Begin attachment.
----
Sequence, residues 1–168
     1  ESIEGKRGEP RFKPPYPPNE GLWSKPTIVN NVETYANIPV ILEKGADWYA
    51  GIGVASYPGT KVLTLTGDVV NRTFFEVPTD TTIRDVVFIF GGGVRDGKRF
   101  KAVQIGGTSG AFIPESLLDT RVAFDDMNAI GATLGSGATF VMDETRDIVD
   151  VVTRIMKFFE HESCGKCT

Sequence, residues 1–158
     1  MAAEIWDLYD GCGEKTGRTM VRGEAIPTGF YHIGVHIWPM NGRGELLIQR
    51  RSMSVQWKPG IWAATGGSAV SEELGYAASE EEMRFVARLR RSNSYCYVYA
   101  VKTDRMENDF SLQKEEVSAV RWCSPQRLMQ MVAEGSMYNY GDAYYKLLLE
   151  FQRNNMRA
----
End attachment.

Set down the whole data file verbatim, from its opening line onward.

Sequence, residues 1–168
     1  ESIEGKRGEP RFKPPYPPNE GLWSKPTIVN NVETYANIPV ILEKGADWYA
    51  GIGVASYPGT KVLTLTGDVV NRTFFEVPTD TTIRDVVFIF GGGVRDGKRF
   101  KAVQIGGTSG AFIPESLLDT RVAFDDMNAI GATLGSGATF VMDETRDIVD
   151  VVTRIMKFFE HESCGKCT

Sequence, residues 1–158
     1  MAAEIWDLYD GCGEKTGRTM VRGEAIPTGF YHIGVHIWPM NGRGELLIQR
    51  RSMSVQWKPG IWAATGGSAV SEELGYAASE EEMRFVARLR RSNSYCYVYA
   101  VKTDRMENDF SLQKEEVSAV RWCSPQRLMQ MVAEGSMYNY GDAYYKLLLE
   151  FQRNNMRA